The Window 10 Consumer Preview could include many of the key features Microsoft’s forthcoming operating system needs to compete with iOS, Android and Mac OS alike.
Citing leaks of early Windows 10 Consumer Preview builds, Chinese website IT Home is claiming that the Windows 10 Consumer Preview will include everything from Internet Explorer 12 to a key feature that first appeared on Microsoft’s Windows Phone operating system, Cortana.
Screenshots in one story from IT Home indicate more Live Tile customization for Windows 10 Consumer Preview users than there is today in the version of Windows 10 that Microsoft is letting enthusiasts try. Another screenshot points to users being able to take Live Tiles and pin them to the Start Screen like a widget. By the time the Windows 10 Consumer Preview launches, it’s IT Home’s position that Microsoft will have turned on the Continuum user interface that allows the operating system to adapt when used on 2-in-1s with a touchscreen or a removable keyboard. Allegedly, the version number of the Windows 10 Consumer Preview will be 9888.
Leaks happen all the time. That this information is coming from a Chinese website that most might not have heard of would normally big a pretty big red flag. That’s still the case here. We don’t know how IT Home managed to get their hand on the Windows 10 Consumer Preview months before anyone else or whether it’s completely being truthful about the BUILD number in question.
What we do know is that IT Home also indicated that the version they were in possession had the kernel version number changed to 10 instead of Windows 6.4. Earlier this week Microsoft revealed that it was bumping the Windows 10 internal version number to 10 from 6.4. IT Home reported around the same time Microsoft revealed the change. That’s at least one thing that IT Home has been accurate about. Early fears about Microsoft changing version numbers internally turned out to not be a big deal since the operating system will lie to Desktop apps that don’t include support for Windows 10 to make sure they install correctly.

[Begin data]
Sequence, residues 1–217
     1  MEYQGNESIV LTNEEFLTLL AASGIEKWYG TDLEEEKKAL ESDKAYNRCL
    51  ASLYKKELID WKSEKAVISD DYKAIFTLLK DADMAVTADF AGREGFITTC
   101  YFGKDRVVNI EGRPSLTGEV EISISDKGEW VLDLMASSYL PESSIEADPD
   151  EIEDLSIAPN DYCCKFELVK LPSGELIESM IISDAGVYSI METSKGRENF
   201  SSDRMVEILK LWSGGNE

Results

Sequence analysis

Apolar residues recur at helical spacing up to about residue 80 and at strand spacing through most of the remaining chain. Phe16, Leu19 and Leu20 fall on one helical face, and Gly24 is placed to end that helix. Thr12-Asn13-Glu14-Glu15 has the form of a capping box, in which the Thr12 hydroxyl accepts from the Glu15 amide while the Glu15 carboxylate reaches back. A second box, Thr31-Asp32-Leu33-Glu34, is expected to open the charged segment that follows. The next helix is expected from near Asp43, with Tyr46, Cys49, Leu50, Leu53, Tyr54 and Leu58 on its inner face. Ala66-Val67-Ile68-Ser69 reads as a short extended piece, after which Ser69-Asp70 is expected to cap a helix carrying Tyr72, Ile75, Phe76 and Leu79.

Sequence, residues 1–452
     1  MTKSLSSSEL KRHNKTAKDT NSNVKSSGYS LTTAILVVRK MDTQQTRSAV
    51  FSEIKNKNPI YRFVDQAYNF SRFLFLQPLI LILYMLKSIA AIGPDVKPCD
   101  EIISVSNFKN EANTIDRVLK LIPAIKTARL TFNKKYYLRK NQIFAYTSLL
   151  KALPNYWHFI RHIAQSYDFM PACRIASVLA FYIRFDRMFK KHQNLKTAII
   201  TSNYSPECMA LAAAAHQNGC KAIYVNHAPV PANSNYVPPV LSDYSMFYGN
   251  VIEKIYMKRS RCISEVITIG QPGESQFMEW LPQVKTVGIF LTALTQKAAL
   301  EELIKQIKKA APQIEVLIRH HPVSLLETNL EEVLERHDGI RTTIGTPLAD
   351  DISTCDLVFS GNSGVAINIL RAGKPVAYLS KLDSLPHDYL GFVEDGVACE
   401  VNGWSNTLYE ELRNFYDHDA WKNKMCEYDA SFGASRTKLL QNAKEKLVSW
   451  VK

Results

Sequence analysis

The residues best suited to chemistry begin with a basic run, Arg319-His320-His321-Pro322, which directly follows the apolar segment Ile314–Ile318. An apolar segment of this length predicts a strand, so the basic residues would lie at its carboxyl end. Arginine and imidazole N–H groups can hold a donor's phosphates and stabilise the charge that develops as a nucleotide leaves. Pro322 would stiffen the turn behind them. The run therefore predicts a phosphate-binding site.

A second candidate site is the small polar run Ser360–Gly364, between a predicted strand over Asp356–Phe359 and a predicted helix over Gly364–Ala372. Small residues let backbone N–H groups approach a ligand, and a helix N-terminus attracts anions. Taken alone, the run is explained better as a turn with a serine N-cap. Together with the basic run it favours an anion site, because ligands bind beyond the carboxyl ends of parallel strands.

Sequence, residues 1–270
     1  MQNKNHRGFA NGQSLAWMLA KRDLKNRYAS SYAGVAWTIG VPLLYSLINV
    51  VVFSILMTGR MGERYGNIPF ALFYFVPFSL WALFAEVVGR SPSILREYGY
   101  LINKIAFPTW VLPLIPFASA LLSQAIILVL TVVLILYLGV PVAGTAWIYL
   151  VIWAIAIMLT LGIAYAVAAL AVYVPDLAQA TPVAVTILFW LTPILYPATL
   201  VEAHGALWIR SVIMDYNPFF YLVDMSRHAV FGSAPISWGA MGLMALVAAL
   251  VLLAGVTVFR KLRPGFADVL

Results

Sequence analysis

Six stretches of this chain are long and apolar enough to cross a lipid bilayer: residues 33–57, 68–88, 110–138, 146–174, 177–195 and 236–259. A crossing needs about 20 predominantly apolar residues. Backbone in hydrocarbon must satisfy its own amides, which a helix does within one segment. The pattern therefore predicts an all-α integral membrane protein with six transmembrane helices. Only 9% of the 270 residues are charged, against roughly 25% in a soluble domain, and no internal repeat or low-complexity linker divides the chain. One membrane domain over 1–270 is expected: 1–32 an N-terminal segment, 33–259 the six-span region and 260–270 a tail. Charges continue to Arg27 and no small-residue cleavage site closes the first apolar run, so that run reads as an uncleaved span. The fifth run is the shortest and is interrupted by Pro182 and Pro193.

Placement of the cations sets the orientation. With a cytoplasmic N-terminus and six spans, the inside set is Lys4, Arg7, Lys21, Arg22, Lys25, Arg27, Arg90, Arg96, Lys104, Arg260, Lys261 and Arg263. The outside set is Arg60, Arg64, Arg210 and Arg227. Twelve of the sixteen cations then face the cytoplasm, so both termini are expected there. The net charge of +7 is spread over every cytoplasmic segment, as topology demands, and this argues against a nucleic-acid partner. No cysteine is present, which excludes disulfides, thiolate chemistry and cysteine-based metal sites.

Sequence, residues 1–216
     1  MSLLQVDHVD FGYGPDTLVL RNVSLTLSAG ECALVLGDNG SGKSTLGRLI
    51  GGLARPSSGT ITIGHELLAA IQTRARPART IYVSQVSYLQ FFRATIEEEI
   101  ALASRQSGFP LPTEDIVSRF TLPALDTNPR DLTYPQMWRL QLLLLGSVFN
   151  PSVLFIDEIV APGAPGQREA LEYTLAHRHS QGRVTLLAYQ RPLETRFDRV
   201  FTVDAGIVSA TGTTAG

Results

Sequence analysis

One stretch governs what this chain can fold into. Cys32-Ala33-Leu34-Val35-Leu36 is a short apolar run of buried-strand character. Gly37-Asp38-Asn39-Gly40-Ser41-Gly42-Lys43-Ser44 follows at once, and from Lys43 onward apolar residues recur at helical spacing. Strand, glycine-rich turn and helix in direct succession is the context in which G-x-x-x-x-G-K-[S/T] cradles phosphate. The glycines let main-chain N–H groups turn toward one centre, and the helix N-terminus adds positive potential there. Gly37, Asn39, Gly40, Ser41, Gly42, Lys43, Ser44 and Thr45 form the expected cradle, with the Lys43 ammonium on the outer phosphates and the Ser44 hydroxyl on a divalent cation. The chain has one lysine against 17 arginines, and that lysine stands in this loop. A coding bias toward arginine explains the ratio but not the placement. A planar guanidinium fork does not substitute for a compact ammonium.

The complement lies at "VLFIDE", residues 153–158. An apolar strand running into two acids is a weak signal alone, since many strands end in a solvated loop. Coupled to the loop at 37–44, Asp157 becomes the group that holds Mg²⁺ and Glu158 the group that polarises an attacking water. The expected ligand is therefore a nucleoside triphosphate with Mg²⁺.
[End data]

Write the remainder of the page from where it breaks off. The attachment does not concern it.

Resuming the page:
Anticipation for Windows 10 is at an all-time high. Microsoft showed the operating system in public for the first time roughly two months ago. Whereas Windows 8 was about adding tablet features and making possible for the operating system to effectively compete with Android and the iPad, Windows 10 is about making Windows flexible so that it gives users the interface they need, when they need it. Microsoft calls the system that handles this transformation Continuum. The Windows 10 Technical Preview that’s available to everyone now doesn’t include it. Windows 10 also lets Windows Store apps run in the Desktop alongside traditional apps like iTunes and Microsoft Word. The Desktop has its Start Menu back, but users can customize it with Live Tiles and app shortcuts.
One app store will power the entire Windows 10 experience. That’s key because Microsoft plans on using Windows 10 for desktops, notebooks, tablets, phones and the Xbox One.
Windows 10 adds a lot of very useful commonsense features too. Users are able to breakdown what things are taking up space on their Windows 10 PC with the Storage Sense options that made their debut on Windows Phone. Already Windows 10 includes the underlying code and options to support the Cortana personal assistant, even though she’s not yet available.
Microsoft says Windows 10 will launch in final form sometime in 2015, but exactly when in 2015 is hard to nail down. Presumably, it’ll want to get Windows 10 out and ready for devices before next holiday season, so a launch window any time before then is possible.
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